After investigating the 6502, Jeremy and I discovered that this ancient processor was still a complex beast of a machine with lots of constituent components and some quirky ways of implementing some features (like the extensive use of gated registers on the output of each combination logic block). The complexity of the 6502’s ALU means that implementing it entirely in large relays is unrealistic. It would be large, costly and the power requirements would be immense.
Instead, we have decided to do what many other 6502 replica makers have done and construct the processor in 7400 logic first. Continue reading
Before I tell you about the juicy guts of the 6502 microprocessor, let me introduce myself and tell you a bit about the people behind the project.
My name is Jaimesh Mistry and I am a fourth year Electronics and Communications Engineering student, studying at the University of Bristol. I’ve been ripping apart electronics and changing the way they work ever since I got my first RC car and went exploring in my dad’s crazy toolbox. These days I’m building all sorts of wacky projects with the skills I’ve gained at university – from autonomous robots to central heating systems that you can control from your smart phone. Hacking consumer tech is one of my passions, so a project like this where we mix a range of technologies from a range of eras in computing is right up my street.
Jeremy Dalton completes our duo and is also an Electronic and Electrical engineer in training at the University of Bristol. Like me, he is into all sorts of software and hardware hacking, has ‘tweaked’ many a working thing until it stops working and we’ve successfully collaborated on a good few projects in the past. However, one of his growing passions is in dirty great power electronics and motor drives, which recently landed him on an episode of Channel 5’s Motor Morphers where he helped convert a two-tonne milk float into a rubber burning dragster!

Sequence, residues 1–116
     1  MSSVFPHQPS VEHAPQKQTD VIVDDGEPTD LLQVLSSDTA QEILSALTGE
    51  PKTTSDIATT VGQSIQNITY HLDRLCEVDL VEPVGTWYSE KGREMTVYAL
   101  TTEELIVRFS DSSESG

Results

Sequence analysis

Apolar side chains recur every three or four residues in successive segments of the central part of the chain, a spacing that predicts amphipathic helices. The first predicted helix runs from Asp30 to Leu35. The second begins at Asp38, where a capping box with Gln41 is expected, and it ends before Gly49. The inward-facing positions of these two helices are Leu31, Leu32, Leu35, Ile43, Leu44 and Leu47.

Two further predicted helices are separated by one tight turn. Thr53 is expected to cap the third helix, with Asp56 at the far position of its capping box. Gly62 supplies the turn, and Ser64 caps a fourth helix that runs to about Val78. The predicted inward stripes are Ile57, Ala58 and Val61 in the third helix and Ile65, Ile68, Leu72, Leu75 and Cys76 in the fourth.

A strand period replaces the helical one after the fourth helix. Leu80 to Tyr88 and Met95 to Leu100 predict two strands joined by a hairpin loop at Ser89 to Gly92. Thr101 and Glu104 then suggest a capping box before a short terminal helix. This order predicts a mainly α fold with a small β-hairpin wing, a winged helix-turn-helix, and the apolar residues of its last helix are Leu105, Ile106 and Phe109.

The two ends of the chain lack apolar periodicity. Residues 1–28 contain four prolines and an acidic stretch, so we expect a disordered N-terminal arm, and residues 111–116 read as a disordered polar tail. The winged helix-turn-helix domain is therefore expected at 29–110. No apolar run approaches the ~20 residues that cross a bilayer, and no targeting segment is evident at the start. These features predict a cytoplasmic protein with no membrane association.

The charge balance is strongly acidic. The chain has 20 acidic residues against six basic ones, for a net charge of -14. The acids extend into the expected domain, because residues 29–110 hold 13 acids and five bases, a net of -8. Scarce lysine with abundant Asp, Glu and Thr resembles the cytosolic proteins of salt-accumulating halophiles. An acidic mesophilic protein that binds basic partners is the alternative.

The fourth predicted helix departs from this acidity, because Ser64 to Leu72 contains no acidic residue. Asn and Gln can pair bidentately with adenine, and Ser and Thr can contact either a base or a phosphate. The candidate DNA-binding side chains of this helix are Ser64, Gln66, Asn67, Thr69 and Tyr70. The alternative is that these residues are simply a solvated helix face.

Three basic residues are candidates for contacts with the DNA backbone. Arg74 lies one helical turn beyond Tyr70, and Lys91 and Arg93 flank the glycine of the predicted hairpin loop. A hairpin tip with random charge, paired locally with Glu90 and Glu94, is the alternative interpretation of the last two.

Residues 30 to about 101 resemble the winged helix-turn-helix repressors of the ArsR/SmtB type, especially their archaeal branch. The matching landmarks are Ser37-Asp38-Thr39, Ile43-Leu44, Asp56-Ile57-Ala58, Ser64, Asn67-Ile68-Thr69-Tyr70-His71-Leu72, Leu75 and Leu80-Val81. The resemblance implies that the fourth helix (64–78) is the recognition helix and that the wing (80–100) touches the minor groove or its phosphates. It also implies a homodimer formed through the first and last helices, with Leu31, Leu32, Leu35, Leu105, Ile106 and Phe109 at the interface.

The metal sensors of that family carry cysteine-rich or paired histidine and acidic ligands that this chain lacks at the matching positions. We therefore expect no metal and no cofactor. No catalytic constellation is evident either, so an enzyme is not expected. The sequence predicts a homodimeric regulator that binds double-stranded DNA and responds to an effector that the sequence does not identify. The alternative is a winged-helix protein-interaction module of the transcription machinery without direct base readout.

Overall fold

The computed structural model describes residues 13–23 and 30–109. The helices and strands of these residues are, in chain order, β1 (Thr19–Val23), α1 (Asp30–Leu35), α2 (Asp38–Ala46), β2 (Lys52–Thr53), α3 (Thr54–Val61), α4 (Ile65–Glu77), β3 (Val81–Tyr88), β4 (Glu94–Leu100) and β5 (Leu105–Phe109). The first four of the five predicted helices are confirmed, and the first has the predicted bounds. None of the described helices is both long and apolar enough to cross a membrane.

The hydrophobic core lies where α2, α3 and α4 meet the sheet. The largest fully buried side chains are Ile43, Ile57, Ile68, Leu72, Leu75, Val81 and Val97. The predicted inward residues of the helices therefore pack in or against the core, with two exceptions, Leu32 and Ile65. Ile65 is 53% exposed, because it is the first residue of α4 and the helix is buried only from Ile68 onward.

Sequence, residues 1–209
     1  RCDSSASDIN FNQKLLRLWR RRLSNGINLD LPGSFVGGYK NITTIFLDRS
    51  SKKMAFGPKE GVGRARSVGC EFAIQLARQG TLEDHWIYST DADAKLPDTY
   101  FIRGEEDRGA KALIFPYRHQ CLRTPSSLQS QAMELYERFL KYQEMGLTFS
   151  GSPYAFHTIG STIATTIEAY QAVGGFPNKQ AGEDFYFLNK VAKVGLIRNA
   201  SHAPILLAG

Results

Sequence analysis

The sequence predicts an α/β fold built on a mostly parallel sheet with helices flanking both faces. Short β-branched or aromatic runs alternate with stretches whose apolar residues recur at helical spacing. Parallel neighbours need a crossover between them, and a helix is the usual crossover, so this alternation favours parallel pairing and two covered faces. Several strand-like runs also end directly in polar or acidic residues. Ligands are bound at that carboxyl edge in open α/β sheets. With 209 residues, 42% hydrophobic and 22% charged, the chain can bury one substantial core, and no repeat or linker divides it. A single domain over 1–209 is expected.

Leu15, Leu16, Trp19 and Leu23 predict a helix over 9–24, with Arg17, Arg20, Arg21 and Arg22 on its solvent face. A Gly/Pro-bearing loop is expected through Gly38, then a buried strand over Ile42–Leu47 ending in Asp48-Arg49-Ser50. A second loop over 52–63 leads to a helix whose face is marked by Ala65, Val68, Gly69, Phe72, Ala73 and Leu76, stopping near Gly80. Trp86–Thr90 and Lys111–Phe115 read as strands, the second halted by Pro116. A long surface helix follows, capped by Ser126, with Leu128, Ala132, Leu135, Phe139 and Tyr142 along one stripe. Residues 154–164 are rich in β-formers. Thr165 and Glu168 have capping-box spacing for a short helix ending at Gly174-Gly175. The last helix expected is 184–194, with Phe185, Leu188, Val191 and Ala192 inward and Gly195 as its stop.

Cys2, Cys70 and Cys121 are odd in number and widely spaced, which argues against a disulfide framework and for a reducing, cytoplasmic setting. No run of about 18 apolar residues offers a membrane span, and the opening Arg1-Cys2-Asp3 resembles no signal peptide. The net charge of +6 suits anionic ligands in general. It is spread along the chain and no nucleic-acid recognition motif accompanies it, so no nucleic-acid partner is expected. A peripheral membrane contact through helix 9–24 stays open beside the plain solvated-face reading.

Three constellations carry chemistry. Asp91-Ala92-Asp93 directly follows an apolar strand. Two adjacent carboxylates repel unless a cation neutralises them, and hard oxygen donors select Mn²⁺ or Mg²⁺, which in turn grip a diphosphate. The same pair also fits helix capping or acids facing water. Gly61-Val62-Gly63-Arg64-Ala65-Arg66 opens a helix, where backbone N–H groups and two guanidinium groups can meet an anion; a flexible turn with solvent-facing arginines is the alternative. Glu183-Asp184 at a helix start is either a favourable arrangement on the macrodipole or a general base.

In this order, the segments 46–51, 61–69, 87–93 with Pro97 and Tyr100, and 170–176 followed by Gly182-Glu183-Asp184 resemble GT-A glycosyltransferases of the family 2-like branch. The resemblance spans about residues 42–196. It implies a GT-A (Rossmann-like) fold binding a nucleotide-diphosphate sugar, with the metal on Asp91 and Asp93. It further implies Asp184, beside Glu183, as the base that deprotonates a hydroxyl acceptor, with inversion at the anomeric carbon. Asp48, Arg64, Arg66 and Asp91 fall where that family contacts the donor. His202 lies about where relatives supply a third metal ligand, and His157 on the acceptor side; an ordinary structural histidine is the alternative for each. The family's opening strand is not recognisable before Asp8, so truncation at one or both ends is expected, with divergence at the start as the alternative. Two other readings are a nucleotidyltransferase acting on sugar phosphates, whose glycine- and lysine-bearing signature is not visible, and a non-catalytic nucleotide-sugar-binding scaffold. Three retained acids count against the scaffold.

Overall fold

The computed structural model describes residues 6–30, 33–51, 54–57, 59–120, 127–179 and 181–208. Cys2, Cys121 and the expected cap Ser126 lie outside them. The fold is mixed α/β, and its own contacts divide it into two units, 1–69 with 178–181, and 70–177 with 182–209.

Anyway, enough about us. As promised, I’ll walk you through the MOS Technology 6502, why we chose it over other classic processors and our simplified design for implementation in 7400/relay logic. Continue reading
Welcome to the blog! This blog will be acting as a part project log – part project blog to document a project that aims to…
Design and construct a replica of thefound within the processor and interface it with the micro blogging service Twitter, allowing commands to be sent to it for arbitrary calculations and logical functions to be performed.
As the quote from the project specification says, the core goal is to internet connect the ALU from what is now an old but arguably very important processor in history that is still being used today. This will allow instructions that can be issued to either be as simple as integer additions, subtraction, multiplications and divisions or as complicated as we have time to allow the system to handle, with one of the eventual goals being to allow the (quite slow) execution of 6502 assembly instructions.